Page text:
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Achieving social justice for children: How can children's rights thinking make a difference?

  • Academic Journal
  • Smith AB; University of Otago College of Education.
  • The American journal of orthopsychiatry [Am J Orthopsychiatry] 2016; Vol. 86 (5), pp. 500-7.
  • English
  • This article draws on themes from the author's book, Children’s Rights: Toward Social Justice , that emerge from surveying children’s rights issues in different childhood contexts; the family, education, child protection, and health services. The author has selected five examples of application of children’s rights to a policy area and identified the implications for policy and practice. There are four core rights that cut across all children’s rights issues that are mentioned before discussing specific areas. First, children, regardless of race, sex, language, religion, disability, or class, are entitled to rights. In other words, all children should enjoy their rights and should not be discriminated against. Second, “the best interests of the child” should be “a primary consideration” in actions or decisions concerning children. Third, children have the right to survival and development. And fourth, children have the right to be consulted and have their views heard in matters that affect them.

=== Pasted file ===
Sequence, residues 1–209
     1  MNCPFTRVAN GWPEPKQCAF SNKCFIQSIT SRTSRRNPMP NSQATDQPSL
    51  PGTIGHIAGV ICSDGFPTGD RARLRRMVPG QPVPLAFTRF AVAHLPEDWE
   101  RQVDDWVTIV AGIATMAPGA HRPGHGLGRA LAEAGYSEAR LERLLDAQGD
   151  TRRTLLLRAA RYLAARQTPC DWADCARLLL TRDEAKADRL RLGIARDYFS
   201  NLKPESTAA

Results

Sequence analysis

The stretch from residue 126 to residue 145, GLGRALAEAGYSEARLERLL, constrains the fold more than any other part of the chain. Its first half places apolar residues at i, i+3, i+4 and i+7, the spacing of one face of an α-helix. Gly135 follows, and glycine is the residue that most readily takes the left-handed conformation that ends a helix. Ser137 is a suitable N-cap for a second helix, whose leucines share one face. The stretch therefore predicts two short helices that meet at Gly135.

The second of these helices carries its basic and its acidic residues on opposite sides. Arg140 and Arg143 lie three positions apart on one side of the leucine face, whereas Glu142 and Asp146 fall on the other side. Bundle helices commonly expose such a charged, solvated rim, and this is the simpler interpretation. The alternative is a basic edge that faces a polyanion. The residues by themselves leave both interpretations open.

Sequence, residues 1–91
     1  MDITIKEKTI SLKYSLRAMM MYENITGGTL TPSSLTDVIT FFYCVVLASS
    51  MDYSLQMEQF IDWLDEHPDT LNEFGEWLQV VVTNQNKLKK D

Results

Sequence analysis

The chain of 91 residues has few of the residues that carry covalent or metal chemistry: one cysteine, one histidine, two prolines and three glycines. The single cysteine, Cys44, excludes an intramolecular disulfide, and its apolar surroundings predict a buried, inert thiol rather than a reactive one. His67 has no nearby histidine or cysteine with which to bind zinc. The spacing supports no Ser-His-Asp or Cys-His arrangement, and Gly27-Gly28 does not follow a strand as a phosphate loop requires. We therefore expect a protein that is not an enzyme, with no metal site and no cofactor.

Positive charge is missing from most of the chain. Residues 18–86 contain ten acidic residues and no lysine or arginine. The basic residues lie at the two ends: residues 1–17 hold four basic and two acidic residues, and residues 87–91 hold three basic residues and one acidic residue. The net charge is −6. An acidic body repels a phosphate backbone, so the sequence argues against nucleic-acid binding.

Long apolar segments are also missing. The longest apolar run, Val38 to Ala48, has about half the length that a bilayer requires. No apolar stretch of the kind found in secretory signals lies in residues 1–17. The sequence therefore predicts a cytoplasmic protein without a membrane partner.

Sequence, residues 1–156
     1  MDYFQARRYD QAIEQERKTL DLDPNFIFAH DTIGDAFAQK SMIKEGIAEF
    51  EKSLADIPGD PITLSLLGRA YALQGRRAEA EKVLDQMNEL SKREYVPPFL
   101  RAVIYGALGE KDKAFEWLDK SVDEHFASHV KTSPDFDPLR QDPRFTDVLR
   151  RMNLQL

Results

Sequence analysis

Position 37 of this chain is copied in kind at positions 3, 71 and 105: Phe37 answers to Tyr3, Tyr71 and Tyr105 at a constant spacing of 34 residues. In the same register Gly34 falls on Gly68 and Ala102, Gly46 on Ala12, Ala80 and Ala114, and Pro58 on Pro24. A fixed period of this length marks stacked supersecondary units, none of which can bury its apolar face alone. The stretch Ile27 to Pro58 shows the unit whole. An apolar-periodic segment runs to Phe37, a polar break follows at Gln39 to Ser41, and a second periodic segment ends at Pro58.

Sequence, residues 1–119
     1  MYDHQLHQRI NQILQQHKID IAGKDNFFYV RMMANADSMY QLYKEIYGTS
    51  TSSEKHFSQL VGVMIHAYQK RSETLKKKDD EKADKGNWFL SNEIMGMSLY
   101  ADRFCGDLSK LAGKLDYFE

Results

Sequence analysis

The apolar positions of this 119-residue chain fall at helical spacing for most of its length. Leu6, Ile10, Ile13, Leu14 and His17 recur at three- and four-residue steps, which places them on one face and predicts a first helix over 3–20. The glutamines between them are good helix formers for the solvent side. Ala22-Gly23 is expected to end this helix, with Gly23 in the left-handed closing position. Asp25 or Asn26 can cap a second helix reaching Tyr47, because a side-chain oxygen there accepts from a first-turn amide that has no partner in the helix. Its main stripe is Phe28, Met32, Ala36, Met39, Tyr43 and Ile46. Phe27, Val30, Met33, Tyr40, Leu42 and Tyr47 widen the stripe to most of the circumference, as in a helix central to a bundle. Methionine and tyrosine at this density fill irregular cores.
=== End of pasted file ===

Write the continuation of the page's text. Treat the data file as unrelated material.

(PsycINFO Database Record (c) 2016 APA, all rights reserved)
Additional Information
Publisher: American Psychological Association Country of Publication: United States NLM ID: 0400640 Publication Model: Print Cited Medium: Internet ISSN: 1939-0025 (Electronic) Linking ISSN: 00029432 NLM ISO Abbreviation: Am J Orthopsychiatry Subsets: MEDLINE
Publication: 2014- : Washington, DC : American Psychological Association
Original Publication: Menasha, Wis., American Orthopsychiatric Assn.
Date Created: 20160913 Date Completed: 20170606 Latest Revision: 20180925